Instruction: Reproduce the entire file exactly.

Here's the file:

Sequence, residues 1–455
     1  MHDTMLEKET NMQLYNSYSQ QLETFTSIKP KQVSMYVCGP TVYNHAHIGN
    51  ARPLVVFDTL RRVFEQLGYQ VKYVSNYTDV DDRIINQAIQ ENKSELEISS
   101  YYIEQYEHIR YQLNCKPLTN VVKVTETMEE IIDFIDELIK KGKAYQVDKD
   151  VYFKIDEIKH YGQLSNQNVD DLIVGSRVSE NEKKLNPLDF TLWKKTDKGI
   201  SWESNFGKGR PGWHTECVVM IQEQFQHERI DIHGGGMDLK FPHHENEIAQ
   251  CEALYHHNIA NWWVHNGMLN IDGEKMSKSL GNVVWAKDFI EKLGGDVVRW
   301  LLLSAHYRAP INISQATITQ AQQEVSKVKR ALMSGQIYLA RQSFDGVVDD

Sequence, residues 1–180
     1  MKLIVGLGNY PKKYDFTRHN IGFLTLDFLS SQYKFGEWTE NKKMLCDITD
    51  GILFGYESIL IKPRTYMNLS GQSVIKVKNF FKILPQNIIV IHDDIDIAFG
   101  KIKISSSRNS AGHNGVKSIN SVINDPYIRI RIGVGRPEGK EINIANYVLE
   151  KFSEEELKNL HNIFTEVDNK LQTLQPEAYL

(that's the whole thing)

Sequence, residues 1–455
     1  MHDTMLEKET NMQLYNSYSQ QLETFTSIKP KQVSMYVCGP TVYNHAHIGN
    51  ARPLVVFDTL RRVFEQLGYQ VKYVSNYTDV DDRIINQAIQ ENKSELEISS
   101  YYIEQYEHIR YQLNCKPLTN VVKVTETMEE IIDFIDELIK KGKAYQVDKD
   151  VYFKIDEIKH YGQLSNQNVD DLIVGSRVSE NEKKLNPLDF TLWKKTDKGI
   201  SWESNFGKGR PGWHTECVVM IQEQFQHERI DIHGGGMDLK FPHHENEIAQ
   251  CEALYHHNIA NWWVHNGMLN IDGEKMSKSL GNVVWAKDFI EKLGGDVVRW
   301  LLLSAHYRAP INISQATITQ AQQEVSKVKR ALMSGQIYLA RQSFDGVVDD

Sequence, residues 1–180
     1  MKLIVGLGNY PKKYDFTRHN IGFLTLDFLS SQYKFGEWTE NKKMLCDITD
    51  GILFGYESIL IKPRTYMNLS GQSVIKVKNF FKILPQNIIV IHDDIDIAFG
   101  KIKISSSRNS AGHNGVKSIN SVINDPYIRI RIGVGRPEGK EINIANYVLE
   151  KFSEEELKNL HNIFTEVDNK LQTLQPEAYL